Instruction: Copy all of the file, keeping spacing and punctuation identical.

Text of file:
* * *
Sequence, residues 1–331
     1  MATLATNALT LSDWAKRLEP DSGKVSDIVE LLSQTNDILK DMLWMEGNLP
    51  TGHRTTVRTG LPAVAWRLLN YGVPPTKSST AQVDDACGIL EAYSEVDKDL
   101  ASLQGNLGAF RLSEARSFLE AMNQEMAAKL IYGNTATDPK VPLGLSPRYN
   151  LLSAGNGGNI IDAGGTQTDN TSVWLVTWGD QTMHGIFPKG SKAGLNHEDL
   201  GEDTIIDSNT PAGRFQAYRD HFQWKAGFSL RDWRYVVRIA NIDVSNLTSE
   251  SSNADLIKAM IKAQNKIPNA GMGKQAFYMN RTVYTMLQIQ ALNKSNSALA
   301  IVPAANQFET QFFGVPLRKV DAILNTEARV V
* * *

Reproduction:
Sequence, residues 1–331
     1  MATLATNALT LSDWAKRLEP DSGKVSDIVE LLSQTNDILK DMLWMEGNLP
    51  TGHRTTVRTG LPAVAWRLLN YGVPPTKSST AQVDDACGIL EAYSEVDKDL
   101  ASLQGNLGAF RLSEARSFLE AMNQEMAAKL IYGNTATDPK VPLGLSPRYN
   151  LLSAGNGGNI IDAGGTQTDN TSVWLVTWGD QTMHGIFPKG SKAGLNHEDL
   201  GEDTIIDSNT PAGRFQAYRD HFQWKAGFSL RDWRYVVRIA NIDVSNLTSE
   251  SSNADLIKAM IKAQNKIPNA GMGKQAFYMN RTVYTMLQIQ ALNKSNSALA
   301  IVPAANQFET QFFGVPLRKV DAILNTEARV V